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Fast and energetic in a rather wild and uncontrolled way:‘a frenetic pace of activity’
frantic, wild, frenzied, hectic, fraught, feverish, fevered, mad, manic, hyperactive, energetic, intense, fast and furious, turbulent, tumultuous, confused, confusingexciting, excitedswivel-eyedView synonyms
- ‘All over Europe, citizens say that they are fed up with the frenetic pace of modern life and are opting for the slow lane.’
- ‘He talks quickly and moves through life fast, but his frenetic ways have hurt him on the field.’
- ‘The last thing coach Tony Dungy will do is attempt to match the Rams' frenetic pace.’
- ‘The game continued to flow at a frenetic pace with Steeton showing great spirit and determination to get back on level terms.’
- ‘It features fast, frenetic action and the hero is suitably infallible.’
- ‘Plus, it was built slowly and carefully, not at the frenetic pace we saw at a large factory.’
- ‘Increasingly, boarding schools are attempting to fit in with the frenetic pace of modern life.’
- ‘Her writing is hectic and frenetic, but at the same time utterly controlled.’
- ‘The pace was frenetic as neither man wanted to let the other get the upper hand.’
- ‘For just a moment, in the midst of a film of frenetic pace and constant violence, everything halts.’
- ‘For the West Indies, Gayle got a century, not made at his usual frenetic pace.’
- ‘From the opening whistle the pace was frenetic and the fans simply loved it.’
- ‘The industry was in its infancy, personalities abounded and the pace of innovation was frenetic.’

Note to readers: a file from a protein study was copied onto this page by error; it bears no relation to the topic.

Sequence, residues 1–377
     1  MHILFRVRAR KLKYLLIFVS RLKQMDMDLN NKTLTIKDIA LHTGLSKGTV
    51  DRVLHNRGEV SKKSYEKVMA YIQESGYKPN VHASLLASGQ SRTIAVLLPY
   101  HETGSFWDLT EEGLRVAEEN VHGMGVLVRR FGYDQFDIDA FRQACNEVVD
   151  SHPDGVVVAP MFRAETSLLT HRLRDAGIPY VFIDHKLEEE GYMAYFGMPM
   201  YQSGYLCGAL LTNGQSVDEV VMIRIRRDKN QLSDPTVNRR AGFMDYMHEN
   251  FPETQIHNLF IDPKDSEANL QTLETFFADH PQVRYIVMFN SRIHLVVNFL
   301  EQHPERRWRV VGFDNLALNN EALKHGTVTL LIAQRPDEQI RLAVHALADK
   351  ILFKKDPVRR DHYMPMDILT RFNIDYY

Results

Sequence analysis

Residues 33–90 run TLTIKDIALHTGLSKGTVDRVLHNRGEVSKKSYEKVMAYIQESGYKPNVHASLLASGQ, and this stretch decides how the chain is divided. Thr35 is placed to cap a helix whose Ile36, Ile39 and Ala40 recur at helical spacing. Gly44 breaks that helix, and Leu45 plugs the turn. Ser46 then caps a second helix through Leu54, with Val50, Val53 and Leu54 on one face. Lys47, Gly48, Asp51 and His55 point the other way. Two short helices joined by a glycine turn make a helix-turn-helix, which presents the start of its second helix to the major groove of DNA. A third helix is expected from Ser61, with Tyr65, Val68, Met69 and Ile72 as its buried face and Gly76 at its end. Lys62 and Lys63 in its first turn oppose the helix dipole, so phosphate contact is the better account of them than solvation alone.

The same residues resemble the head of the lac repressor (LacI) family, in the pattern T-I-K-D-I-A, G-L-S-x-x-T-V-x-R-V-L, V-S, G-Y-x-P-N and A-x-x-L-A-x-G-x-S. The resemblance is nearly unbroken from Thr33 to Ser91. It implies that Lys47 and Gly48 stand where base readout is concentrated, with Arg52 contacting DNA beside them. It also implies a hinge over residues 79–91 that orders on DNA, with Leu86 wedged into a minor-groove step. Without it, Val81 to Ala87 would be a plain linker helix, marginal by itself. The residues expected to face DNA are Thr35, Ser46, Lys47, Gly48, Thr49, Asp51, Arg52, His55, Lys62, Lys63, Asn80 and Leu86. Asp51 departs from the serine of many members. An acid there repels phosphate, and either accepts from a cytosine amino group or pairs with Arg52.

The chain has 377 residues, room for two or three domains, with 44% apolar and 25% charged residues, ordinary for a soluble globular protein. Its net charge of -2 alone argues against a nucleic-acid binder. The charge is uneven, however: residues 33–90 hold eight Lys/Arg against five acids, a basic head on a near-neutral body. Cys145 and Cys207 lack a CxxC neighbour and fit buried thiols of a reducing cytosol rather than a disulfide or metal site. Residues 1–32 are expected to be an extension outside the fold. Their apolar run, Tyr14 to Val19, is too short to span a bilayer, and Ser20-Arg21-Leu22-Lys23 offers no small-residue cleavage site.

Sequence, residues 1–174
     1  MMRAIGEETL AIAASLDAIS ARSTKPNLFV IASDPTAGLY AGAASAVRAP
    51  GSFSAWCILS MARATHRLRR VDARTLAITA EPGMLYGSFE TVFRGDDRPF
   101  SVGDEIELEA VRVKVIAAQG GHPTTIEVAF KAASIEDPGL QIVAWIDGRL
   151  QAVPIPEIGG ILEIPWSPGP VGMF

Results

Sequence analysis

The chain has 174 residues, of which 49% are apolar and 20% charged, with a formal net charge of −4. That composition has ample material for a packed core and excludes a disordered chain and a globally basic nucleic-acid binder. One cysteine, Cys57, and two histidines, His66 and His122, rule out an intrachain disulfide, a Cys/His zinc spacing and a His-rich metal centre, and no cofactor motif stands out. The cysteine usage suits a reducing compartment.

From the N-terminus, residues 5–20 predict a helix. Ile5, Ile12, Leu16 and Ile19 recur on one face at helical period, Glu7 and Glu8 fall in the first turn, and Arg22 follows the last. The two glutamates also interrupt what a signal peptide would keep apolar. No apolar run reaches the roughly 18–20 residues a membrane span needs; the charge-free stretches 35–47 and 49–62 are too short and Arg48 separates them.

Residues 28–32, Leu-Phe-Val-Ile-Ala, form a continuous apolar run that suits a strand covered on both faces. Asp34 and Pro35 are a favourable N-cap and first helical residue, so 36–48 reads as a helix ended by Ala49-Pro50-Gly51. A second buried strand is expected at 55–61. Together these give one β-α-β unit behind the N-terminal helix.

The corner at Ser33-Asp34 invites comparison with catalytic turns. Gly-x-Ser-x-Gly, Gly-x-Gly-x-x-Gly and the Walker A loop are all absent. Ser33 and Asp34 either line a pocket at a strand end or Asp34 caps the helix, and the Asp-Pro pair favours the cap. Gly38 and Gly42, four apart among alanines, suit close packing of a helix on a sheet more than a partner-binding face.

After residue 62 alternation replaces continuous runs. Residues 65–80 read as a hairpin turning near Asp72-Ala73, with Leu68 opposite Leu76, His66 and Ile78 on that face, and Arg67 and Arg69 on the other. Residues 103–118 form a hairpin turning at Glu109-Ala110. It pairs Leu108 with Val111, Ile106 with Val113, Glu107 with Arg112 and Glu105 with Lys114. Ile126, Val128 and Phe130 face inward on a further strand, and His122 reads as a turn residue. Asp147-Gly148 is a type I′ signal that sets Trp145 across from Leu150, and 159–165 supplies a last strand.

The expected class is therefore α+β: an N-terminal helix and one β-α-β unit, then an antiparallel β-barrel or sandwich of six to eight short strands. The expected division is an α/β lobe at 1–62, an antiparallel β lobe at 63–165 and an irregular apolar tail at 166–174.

- ‘As a respite from the frenetic pace of most of the album, the Robinson tracks are welcome.’
- ‘He gives the film a peculiar pace, by starting with an intense and frenetic backstory.’
- ‘Everything seems to be conducted at a frenetic pace, from talking to walking to driving.’
- ‘Our most enduring achievements have resulted not from frenetic activity, but rather from quiet meditation.’
- ‘The game had started at a frenetic pace as both sides sought to stamp their authority on the match.’
- ‘There is nothing here that is not familiar, though the pace has become more frenetic.’
- ‘It was frenetic, people moving fast in opposite directions shouting out at one another as they set up the reception area.’
Late Middle English (in the sense ‘insane’): from Old French frenetique, via Latin from Greek phrenitikos, from phrenitis delirium, from phrēn mind. Compare with frantic.
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